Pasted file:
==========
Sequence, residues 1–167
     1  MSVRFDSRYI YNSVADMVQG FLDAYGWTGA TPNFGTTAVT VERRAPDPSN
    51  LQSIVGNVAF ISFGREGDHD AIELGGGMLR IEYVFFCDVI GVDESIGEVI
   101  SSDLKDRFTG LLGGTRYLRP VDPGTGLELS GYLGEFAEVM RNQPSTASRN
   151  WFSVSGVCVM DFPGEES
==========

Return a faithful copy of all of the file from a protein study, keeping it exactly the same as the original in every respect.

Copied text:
Sequence, residues 1–167
     1  MSVRFDSRYI YNSVADMVQG FLDAYGWTGA TPNFGTTAVT VERRAPDPSN
    51  LQSIVGNVAF ISFGREGDHD AIELGGGMLR IEYVFFCDVI GVDESIGEVI
   101  SSDLKDRFTG LLGGTRYLRP VDPGTGLELS GYLGEFAEVM RNQPSTASRN
   151  WFSVSGVCVM DFPGEES